In 1951, the war that Pearl Harbor had propelled America into had been over for more than two years longer than it had raged. And it had been won. Besides, the Dec. 8 Post’s front page reported on negotiations to end a subsequent war, in Korea, then in its 18th month.
The 10th anniversary of Sept. 11 coincides with concerns about whether, after more than eight years of war, just 3,000 American troops can be left in Iraq without jeopardizing U.S. gains. Which, whatever they are, have nothing to do with the stated primary reason for the war — eliminating weapons of mass destruction. Ten years after Sept. 11 lit the fuse that led in 18 months to the invasion of Iraq, what may now count as success there may depend on Iraq finding its John Adams: When, after losing the bitterly contested 1800 election, he peacefully transferred power to Thomas Jefferson, America’s democracy was well-launched.
As the war in Afghanistan — the most important immediate consequence of 9/11 — enters its second decade, success there, too, is fragile. And it is defined with reference to a nation-building objective not articulated at the outset.
Pearl Harbor clearly began something — U.S. participation in a world war that was already raging — whereas Sept. 11 was the fifth significant attack by radical Islamists on American targets. It followed those on the USS Cole in 2000, the East African embassies in 1998 and the Khobar Towers in 1996, and the 1993 attempt to topple the World Trade Center with a truck bomb. So what Sept. 11 actually began was the U.S. reaction, as muscular as it was belated, to the challenge of terrorism.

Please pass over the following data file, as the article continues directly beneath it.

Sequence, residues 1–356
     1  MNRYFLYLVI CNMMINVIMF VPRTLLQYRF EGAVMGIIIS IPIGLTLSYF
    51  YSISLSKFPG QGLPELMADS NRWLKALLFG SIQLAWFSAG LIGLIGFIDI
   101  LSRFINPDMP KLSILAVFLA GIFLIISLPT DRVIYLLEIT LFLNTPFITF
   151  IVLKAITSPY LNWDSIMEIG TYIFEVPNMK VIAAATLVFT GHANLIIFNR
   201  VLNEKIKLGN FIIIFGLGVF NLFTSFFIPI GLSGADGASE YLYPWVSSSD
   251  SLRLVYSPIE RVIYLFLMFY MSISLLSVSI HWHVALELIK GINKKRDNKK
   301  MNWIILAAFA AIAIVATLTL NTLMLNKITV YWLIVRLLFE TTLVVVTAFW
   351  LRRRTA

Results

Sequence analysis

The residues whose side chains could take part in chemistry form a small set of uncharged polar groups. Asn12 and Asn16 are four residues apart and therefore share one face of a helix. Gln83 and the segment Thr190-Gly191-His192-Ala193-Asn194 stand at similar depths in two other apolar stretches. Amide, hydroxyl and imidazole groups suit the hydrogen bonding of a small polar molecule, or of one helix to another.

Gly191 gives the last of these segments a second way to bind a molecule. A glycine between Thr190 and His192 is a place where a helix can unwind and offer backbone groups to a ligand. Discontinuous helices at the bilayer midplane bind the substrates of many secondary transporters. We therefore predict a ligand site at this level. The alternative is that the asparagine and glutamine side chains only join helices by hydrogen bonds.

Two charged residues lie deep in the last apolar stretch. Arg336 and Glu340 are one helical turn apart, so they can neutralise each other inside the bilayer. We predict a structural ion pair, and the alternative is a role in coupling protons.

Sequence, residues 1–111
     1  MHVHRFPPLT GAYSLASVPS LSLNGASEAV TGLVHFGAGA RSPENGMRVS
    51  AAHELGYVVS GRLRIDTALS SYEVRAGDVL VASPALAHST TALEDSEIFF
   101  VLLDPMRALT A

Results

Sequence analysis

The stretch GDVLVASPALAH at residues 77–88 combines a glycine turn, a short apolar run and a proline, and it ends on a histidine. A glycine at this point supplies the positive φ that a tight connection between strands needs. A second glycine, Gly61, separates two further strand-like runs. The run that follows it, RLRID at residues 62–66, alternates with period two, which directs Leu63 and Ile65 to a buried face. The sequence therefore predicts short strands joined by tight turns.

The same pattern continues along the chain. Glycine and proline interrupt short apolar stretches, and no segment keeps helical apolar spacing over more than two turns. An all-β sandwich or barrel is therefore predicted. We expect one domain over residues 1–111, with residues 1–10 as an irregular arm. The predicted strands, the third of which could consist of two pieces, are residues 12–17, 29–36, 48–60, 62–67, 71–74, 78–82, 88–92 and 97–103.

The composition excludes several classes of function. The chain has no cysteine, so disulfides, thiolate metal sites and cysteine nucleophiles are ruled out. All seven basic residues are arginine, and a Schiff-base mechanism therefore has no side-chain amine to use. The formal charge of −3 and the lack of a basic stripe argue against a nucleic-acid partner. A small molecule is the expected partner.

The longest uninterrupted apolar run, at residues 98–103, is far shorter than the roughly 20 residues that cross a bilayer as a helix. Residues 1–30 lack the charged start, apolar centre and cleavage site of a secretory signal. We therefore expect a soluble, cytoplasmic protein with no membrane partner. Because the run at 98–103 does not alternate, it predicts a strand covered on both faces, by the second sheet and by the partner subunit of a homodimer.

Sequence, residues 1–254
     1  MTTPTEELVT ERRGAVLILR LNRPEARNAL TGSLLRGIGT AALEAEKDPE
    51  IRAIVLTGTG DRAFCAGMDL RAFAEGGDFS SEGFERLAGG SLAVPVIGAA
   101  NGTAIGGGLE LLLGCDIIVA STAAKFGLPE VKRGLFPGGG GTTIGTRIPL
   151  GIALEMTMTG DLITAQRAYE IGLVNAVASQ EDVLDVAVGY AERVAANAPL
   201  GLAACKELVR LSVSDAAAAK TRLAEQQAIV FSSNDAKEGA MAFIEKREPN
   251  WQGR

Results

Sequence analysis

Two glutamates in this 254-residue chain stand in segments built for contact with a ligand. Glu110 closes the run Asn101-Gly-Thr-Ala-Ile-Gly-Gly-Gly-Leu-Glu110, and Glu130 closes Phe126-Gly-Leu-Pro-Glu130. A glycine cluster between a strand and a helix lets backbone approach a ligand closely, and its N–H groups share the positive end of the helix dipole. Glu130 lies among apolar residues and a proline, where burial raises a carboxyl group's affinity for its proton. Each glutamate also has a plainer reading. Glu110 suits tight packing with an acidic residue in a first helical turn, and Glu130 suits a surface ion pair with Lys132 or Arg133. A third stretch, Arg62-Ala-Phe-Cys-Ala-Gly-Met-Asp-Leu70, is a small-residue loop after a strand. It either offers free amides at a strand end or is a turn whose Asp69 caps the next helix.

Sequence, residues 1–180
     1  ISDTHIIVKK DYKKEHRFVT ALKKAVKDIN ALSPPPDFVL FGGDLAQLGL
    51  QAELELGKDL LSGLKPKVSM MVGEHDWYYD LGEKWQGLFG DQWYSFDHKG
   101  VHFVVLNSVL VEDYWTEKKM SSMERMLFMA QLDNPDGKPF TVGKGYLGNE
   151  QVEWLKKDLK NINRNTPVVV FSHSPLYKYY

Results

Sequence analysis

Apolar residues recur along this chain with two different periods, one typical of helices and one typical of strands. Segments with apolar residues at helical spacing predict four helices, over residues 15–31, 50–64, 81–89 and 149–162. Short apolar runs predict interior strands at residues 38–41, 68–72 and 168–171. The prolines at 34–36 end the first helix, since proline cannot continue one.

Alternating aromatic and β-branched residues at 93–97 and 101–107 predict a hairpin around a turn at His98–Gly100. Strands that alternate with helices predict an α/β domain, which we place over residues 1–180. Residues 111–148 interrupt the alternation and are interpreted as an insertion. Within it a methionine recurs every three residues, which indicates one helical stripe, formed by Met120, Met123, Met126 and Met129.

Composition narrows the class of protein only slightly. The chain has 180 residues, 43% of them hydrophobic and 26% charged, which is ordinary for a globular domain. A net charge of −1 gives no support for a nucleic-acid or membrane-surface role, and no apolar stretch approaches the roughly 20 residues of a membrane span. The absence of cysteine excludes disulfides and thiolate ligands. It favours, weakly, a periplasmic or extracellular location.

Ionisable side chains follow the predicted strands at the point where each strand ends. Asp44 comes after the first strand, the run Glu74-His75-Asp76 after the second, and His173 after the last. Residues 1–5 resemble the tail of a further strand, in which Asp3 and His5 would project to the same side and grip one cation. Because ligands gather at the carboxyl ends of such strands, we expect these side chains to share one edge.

The depleted armed forces that have been fighting these wars for a nation not conscripted into any notable inconvenience will eventually recuperate. For mostly oblivious civilians, the only recurring and most visible reminder of the post-Sept. 11 world is shoeless participation in the security theater at airports. It thus seems wildly incongruous that some Americans rushed to proclaim that 9/11 “changed everything.”
The dozen years between the fall of the Berlin Wall and that of the twin towers featured complacent, self-congratulatory speculation about “the end of history.” The end, that is, of a grand politics of clashes about fundamental questions of social organization. By the time 9/11 awakened the nation from such reveries, some Americans seemed to be suffering “1930s envy,” a longing for the vast drama of global conflict with a huge ideological enemy.
Ten years on from Sept. 11, national unity, usually a compensation for the rigors of war, has been a casualty of wars of dubious choices. Ten years after 1941, and in more recent decades, the nation, having lost 400,000 in the unavoidable war that Pearl Harbor announced, preferred to remember more inspiriting dates, such as D-Day.
Today, for reasons having little to do with 9/11 and policy responses to it, the nation is more demoralized than at any time since the late 1970s, when, as now, feelings of impotence, vulnerability and decline were pervasive. Of all the sadness surrounding this anniversary, the most aching is the palpable and futile hope that commemoration can somehow help heal self-inflicted wounds.